Now Americans David and Dorian are heading tomorrow morning with Ayelet Daniel from OneVoice Israel to deliver a lot more boards for the Palestinian surfers to be able to teach others to surf, with coordination from Mowaffaq Alami, from OneVoice Palestine in Gaza. 

They are also hoping to surf together in Jaffo later this week!

Surfing for Peace will have an official launch on October 18th in partnership and coordination also with the OneVoice Summit – www.OneMillionVoices.org – and the campaign to reach One Million Voices to End the Conflict!   David and Dorian may be bringing world-famous surfer Kelly Slater to surf with them here, along with an entourage of world-famous musicians who will perform that night at the OneVoice Summit in Tel Aviv.  David may perform his OneVoice song that night also. :-)

Suddenly there is a lot of media commotion and CNN, ABC, and others are trying to do a story on this.

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So, not only did we locate the Gaza surfers and their federation, but through the amazing work of Adi Balderman of OneVoice-Israel, we were able to secure permits for one of their representatives to come meet with David, Doc, and Arthur, who is Doc’s loyal apprentice and also a very good surfer, who also runs a surfing magazine in Israel.

The meeting started a bit weird because the “representative” was not a surfer himself, which took David and Doc aback. But they quickly learned that he was indeed representing the surfing federation, because Ahmed Abu Hasera and Mohammed Abu Jayab were not able to get permits that quickly, and were actually scared to go to Israel – they have never left Gaza before.  When Mowaffaq called Mohammed and Ahmed on the cell – all excitement took them over and they started planning how to really help surfing take off.

 I love these guys – Doc and David.  They are savvy and sincere at once.  Doc brings the wisdom of the 86-year old surfer and teachere that he is – and he explained that if surfing could take off in Gaza, it could generate tourism, jobs, etc.  But above all, it would help build a bond that no politician can break – a bond of freedom riding the waves.  David brings the heart of gold and purity of a citizen of the world – his commitment is so pure that he makes all barriers come down.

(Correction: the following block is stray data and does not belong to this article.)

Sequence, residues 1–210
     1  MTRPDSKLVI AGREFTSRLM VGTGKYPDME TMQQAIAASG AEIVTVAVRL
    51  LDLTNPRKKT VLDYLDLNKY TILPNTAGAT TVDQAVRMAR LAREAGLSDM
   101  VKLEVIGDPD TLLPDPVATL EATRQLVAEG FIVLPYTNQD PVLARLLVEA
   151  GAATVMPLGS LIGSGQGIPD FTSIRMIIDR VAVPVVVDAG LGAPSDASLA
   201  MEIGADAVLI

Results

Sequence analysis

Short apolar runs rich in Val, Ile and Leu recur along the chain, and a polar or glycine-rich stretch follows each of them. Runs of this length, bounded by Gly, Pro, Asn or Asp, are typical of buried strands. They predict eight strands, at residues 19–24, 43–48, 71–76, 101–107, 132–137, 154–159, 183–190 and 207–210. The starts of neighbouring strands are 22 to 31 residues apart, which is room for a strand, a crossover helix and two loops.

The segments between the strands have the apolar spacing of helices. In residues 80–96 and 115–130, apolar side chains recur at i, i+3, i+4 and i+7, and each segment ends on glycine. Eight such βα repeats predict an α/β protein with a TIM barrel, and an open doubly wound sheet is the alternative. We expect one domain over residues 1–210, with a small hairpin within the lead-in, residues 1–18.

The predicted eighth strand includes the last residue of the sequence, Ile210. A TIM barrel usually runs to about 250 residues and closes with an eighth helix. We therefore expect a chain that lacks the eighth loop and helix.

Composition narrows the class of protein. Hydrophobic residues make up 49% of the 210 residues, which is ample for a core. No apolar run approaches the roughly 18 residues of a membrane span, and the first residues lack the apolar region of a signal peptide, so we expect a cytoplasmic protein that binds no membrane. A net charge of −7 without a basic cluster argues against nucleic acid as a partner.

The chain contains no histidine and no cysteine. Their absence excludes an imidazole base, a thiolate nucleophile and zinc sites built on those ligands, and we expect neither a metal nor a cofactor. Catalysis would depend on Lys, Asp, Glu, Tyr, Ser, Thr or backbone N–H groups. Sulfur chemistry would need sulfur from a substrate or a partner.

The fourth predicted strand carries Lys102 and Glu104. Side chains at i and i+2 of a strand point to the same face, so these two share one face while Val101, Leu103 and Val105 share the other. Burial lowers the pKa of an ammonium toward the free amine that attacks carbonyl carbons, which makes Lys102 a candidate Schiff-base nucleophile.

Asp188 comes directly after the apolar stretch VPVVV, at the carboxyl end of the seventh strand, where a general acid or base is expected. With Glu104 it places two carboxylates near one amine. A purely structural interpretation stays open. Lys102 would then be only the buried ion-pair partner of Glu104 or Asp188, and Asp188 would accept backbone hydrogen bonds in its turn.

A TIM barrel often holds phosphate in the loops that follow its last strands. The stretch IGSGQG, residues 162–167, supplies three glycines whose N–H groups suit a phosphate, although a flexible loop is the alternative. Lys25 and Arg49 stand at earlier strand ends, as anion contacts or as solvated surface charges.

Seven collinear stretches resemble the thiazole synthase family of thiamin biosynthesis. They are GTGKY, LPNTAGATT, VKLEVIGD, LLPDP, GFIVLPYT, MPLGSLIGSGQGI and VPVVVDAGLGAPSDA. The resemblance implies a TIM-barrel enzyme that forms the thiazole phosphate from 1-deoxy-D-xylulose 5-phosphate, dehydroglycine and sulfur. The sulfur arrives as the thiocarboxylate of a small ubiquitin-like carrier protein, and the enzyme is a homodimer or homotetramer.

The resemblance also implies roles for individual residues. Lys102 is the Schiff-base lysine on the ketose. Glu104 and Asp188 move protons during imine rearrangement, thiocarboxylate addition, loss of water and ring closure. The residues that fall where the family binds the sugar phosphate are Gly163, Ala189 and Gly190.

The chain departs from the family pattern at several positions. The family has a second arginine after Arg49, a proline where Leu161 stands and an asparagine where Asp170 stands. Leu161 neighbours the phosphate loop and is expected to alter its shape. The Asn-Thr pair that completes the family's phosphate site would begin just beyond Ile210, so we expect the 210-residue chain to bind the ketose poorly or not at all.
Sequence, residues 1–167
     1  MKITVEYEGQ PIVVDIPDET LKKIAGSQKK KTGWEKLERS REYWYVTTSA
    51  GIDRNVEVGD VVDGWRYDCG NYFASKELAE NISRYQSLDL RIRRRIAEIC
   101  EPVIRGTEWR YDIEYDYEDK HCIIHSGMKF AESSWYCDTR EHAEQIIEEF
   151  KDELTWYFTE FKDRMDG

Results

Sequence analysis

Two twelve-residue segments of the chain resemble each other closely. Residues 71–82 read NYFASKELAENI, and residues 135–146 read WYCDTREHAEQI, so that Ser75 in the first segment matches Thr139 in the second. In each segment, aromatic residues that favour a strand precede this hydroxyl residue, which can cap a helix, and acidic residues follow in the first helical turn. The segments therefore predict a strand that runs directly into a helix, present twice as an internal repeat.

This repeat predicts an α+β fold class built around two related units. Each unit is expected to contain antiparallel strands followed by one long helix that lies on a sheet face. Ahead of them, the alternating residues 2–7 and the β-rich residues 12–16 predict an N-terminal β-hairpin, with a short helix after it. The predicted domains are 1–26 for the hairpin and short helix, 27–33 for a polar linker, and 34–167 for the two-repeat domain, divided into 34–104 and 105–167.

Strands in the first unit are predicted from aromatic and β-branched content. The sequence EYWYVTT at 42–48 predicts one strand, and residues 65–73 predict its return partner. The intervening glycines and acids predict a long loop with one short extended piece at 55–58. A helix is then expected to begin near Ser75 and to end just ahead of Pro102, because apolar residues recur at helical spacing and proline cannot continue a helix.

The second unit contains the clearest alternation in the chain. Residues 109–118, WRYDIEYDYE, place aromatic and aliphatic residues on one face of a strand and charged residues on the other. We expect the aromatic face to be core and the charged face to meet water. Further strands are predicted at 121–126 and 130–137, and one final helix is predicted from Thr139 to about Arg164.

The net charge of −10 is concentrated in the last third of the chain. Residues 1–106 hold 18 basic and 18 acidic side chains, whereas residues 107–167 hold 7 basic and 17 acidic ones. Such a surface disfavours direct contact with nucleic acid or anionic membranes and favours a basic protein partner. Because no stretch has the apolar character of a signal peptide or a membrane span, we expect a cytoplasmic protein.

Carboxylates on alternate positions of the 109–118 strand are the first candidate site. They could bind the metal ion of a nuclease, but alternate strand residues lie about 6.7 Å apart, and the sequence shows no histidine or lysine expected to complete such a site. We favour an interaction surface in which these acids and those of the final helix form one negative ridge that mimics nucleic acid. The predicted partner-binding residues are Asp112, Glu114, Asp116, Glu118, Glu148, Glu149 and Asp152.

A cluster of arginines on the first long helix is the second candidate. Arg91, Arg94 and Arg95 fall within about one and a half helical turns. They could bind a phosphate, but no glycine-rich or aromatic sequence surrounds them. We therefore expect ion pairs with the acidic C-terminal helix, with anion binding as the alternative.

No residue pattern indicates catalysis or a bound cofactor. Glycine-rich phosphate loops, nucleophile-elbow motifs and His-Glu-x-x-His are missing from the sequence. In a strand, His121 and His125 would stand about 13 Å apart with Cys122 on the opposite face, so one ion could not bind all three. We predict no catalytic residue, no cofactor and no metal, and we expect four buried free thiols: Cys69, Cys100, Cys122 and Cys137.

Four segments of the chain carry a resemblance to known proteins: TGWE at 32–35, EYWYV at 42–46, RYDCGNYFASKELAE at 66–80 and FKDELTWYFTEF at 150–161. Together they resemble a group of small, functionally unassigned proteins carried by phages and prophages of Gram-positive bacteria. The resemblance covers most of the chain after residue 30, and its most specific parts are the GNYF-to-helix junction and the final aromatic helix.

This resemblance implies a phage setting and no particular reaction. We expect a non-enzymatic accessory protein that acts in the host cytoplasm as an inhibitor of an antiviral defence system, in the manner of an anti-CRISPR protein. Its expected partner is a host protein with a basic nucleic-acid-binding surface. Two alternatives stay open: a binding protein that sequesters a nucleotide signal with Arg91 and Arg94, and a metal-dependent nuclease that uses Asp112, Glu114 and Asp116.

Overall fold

So, before you knew it, Doc, David, and Arthur, arranged to get some surfing boards donated to the guys in Gaza – and Mowaffaq was kind enough to try to get them through.

 Mowaffaq from OneVoice with surfing boards for GazaYou can imagine that when Mowaffaq tried to cross Erez, he had a bit of a challenge.  He spent over two hours trying to carry the boards across.  The officer on the border said he had never seen this before, and Mowaffaq said there was always a first time.  Eventually, Adi Balderman interceded and convinced them to let Mowaffaq through. 

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Every time I visit the OneVoice office in Ramallah, I am happy to meet my colleagues who are so talented, hard-working, courageous, and committed to our shared mission – really an exceptional bunch.

Every time I visit the office after an absence of a week or more, I am greeted by kisses by the men, not by the women.  And depending on the village or city that each person comes from, I get two, three – or, in the case of Abu Rami, FOUR kisses – one cheek, then the other, then again the first one, then again the other.

Abu Rami comes from a small village and does not speak English.  He is the office’s janitor and jack-of-all trades, and he comes from a very humble background, so I make a particular effort to connect to him.

Abu Rami always offers me “babounish” to drink – chamomille tea – and he sincerely gets hurt if I don’t take him up, so I always have to be prepared for Babounish, a few times a day.